plein d'entrain
Video for Aunt Liddy!

pourboire: How to say tip in French

Susan Boehnstedt aka Rouge-Bleu (c) Kristin Espinasse
Today, in the US, it's Le Jour de Merci Donnant and I'm busy giving thanks for the people in my life, including YOU and Rouge-Bleu. Read more about my high-school chum in today's story. Note: you haven't heard much about Susan, over the years--that's because I haven't had the chance to see her much. I do have a funny photo, near the end of this post, taken on one of those rare visits, in 2007...


pourboire (por-bwar)

    : tip

Audio File: Listen to Jean-Marc read the following example sentence in French (note: enjoy the uncut version, in which you'll hear Jean-Marc's reaction to the mile-long example sentence I've selected. Listen closely as he teases, "oh, they're gonna like this one!... Oh, ça va leur plair celui-là! I did leave out my laughter, at the beginning of the recording, and had to beg my husband to please quit the tickling, it's time to get to work!): Download MP3 or Wav file

Le pourboire. En France, cette pratique s'est développée plus tard, au 19ème siècle, pour récompenser les cafetiers et restaurateurs d'un service de qualité. Le pourboire signifiait comme son nom l'indique un verre qu'on offrait en remerciement d'un service rendu... The tipIn France this practice was developed later, in the 19th-century, to compensate café-owners and restaurateurs for quality service. Le pourboire signifies, as its name indicates ("pour boire", or "for drink") a glass (drink) offered in thanks for a service rendered... (from, Les origines du pourboire)

A Day in a French Life... by Kristin Espinasse

...Continued from the previous post "Plein d'Entrain")...

When the tour bus rolled up to the dock, where our AMA cruise boat waited, I noticed my best friend and travelling companion reach for her porte-monnaie. Quickly, I mimicked Susan's gestures, as I would throughout the voyage, to ensure my behavior was in line with the other tourists', none of whom appeared nervous, awkward, or conspicuous.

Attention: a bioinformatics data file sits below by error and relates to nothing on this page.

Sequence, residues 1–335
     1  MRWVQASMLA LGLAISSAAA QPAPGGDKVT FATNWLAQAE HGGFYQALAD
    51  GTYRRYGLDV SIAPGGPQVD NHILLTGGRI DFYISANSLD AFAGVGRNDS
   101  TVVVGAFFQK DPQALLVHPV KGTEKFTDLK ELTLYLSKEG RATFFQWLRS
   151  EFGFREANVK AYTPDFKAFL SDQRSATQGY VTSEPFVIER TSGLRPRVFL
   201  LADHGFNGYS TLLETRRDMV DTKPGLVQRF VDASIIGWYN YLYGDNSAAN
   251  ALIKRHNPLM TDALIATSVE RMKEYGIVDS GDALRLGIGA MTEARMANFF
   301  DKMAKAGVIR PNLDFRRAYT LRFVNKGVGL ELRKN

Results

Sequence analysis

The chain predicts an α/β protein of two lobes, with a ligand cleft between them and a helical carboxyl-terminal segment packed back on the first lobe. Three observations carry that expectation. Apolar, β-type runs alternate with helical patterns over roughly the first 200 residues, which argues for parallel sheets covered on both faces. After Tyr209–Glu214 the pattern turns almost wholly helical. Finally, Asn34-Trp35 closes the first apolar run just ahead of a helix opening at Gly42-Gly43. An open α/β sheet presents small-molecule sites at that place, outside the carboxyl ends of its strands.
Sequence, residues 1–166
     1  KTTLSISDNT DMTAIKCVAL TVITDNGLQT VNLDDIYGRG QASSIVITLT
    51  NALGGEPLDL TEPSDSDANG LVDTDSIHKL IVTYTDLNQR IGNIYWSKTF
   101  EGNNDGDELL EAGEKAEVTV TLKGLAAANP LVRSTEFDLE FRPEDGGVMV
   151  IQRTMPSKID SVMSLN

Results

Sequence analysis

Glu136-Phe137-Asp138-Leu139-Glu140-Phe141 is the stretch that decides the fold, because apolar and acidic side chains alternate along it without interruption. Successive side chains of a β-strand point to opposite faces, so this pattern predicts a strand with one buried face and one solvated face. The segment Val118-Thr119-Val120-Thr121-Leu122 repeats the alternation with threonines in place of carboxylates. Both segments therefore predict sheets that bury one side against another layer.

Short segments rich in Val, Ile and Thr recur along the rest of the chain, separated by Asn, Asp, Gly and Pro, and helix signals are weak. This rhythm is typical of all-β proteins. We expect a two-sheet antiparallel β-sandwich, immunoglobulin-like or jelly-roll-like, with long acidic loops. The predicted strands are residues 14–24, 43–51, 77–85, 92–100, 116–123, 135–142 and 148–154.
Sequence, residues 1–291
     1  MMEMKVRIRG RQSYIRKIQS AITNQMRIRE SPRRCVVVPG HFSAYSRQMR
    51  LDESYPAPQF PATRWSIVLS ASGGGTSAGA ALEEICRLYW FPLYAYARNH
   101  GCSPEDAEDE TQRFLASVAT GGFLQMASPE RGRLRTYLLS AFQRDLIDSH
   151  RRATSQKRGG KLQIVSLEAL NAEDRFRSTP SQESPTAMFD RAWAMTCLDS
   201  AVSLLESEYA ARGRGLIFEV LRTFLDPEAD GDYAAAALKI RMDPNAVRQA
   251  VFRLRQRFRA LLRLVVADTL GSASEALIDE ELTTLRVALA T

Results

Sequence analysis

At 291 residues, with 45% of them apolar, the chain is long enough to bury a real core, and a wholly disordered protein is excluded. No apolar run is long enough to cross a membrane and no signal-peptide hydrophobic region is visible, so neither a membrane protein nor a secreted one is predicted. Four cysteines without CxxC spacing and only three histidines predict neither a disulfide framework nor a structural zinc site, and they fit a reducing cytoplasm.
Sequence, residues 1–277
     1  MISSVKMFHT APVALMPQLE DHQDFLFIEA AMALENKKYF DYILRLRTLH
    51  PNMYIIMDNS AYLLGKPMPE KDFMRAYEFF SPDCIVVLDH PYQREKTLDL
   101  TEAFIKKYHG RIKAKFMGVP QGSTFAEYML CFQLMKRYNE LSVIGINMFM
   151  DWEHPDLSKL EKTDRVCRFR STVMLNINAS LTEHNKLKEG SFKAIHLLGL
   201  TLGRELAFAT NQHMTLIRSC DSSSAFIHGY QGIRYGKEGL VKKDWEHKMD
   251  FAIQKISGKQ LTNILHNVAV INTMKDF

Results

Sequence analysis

Only, as I reached for my own portefeuille, I ran into an embarrassing pépin. Among all the loose change there was only one large coin. The rest were those itty-bitty yellow ones—les pièces jaunes my husband gives the gitans who instantly appear at city stop lights, brandishing water bottles and squeegees.  After they've doused our windshield with sudsy water, one feels obliged to thank them for it. But when my husband hands over the loose change from our cendrier —mostly pennies, twenty French cents worth—I want to hide inside the glove compartment. Manque d'espace! 

Back in the tourist bus, staring into my change-purse, I was tormented by visions of a tour guide throwing pennies back at me, just as some of the gitans had done, so offended were they by what was judged une insulte.

As I fingered the change, counting and recounting the coins, my best friend became aware of my fixation. "Everything alright, Rouge-Bleu*?" she inquired.

Completely absorbed by the contents of my change-purse, I was barely aware of answering. "I only have yellow coins for the second tour guide, "I murmured. "I've got a 2-euro coin for the first guide... but I can't find another two-euro coin to offer the second guide."

Like a broken record, I couldn't seem to change tracts. My thoughts were repeating and repeating, 2-euro coins... what will I do?... no two euro coins... what will I do?

"But you have enough," Susan assured me, pointing out that all the yellow coins added up to two euros.

"Yes, I know, but I can't hand over so much loose change!" The broken record in my mind continued 2-euro coins... what will I do?... no two euro coins... what will I do?

"Why not?" Susan was intrigued.

Was it fierté? I didn't want to be the tourist handing over the pennies, never mind the pennies added up to two euros! I'd be seen as one of those oursins-dans-la-poche types. A real cheapskate!